I am not interested in another column about “Here’s what’s wrong with Arsenal”. There have been literally hundreds of them - here, on other blogs, probably generated at random among people at your bus stop because “What’s wrong with Arsenal” has seemingly permeated every single available pore of the soccer world recently. So I’m not going to rehash all that, because we all know and it’s boring and unchanged by now.
What I am going to rehash, though, is the fact that Arsene Wenger’s legendary stubbornness, which was once quite an asset if you’ll recall, is now very much a poisonous, decaying liability to the club. In a press conference yesterday, he was inevitably asked about his future, and whether he would see out his contract. His answer, regular as the tides, was
“I am just amazed that I have to always answer things that are exactly the same,” Wenger said, when asked about his future. “I am here for 21 years. I turned the whole world down to respect my contracts. So I am still amazed that I still have to answer these types of questions.”
Apparently the concept that his team is playing terribly in the 21.5th year of his tenure doesn’t really enter into his thinking - he has a two year contract, and he will “respect (his) contracts” as long as there are contracts. Which is admirable, sort of, but it also wasn’t really the point of the question. He also pointed out that he has, in the past, turned down offers from Real Madrid and PSG, as if that were somehow relevant to the situation at Arsenal right now.
In a new twist on his tone-deafness, though, he, amazingly, called for some perspective after the Cup final loss:
He reminded his audience that Arsenal had not lost to a team at “the bottom of the league in division five”
/ steps away from keyboard
/ takes deep breath, counts to five
/ gets back to keyboard
Look, Arsene. Nobody really expected your team - or expects any team this season, really - to beat Manchester City in a Cup final. There’s no shame in losing to this year’s City team. But again, that’s not the point. The point is, after they gave up a goal, your team was insipid. Your team showed up for a Cup final and got steamrolled - it doesn’t matter by whom. Your job, your almost literal only job, on a Cup final day is to make sure that doesn’t happen. It happened. So now questions are being asked, and rightfully so.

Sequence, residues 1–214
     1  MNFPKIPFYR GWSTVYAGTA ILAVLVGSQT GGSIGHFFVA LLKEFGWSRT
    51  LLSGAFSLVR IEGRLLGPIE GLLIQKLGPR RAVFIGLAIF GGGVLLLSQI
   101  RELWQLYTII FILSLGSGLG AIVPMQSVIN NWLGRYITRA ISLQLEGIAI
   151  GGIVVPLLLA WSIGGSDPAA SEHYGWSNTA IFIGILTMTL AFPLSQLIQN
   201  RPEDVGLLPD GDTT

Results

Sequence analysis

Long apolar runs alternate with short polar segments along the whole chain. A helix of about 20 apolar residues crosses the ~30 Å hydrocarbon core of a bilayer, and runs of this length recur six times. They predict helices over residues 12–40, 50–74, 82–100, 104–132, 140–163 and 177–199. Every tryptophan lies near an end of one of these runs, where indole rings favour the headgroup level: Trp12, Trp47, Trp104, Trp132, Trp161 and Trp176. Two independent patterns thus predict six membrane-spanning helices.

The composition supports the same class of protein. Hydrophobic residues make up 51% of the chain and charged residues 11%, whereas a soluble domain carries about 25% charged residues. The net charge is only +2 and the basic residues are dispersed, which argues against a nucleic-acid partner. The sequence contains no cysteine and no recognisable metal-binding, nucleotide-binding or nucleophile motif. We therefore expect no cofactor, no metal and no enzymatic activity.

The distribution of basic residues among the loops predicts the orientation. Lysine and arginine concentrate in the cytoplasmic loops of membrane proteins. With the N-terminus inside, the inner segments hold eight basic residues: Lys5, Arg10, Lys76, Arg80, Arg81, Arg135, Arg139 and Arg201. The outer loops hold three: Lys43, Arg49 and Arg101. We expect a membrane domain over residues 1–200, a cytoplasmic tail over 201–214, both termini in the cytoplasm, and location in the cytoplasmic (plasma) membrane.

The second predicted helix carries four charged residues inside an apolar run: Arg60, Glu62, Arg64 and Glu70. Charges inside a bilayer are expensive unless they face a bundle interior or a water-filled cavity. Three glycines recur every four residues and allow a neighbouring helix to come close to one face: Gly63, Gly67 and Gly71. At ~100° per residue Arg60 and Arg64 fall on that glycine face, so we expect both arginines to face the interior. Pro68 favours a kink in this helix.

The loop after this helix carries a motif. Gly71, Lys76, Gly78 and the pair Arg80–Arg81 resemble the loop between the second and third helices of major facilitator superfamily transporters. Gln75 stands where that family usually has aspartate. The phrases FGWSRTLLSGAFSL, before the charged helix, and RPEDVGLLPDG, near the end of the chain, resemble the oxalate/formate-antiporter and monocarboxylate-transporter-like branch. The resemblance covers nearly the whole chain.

He crowned his performance at the presser with this gem:
“My job is to focus on performing and my job is to perform. It’s for other people to judge me. It isn’t for me to evaluate that.”
As a reminder, Arsene, it is - and I know I’m overusing this word, but it’s appropriate here - LITERALLY the job of the press in situations like this to judge you, and this is how they do it. They’re passing a judgment on you, and giving fans information to do the same, by asking questions about your performance, and subsequently how long you’ll be in the job. If you can’t see that, or worse, can see it and still answer like this, that’s just another arrow in the PLEASE GO NOW quiver.
And to the inevitable “what do you want him to say” question, well, hmmm. How about “anything but that”? I mean, I get that Arsene’s probably frustrated with the same line of questioning after every game, but that’s part of the gig - you want different questions, give people a different thing to ask questions about. Don’t do the same thing week after week after week and expect that things will just magically be OK and that nobody will ask the inevitable questions.
There are 11 games left in the Premier League season, and however many more in the Europa League. 11 more weeks of this, and then we get the will-he-won’t-he of the whole “contract review” process. So it’ll be a minimum of three more months, and in all likelihood 15 more months, of FC Groundhog Day.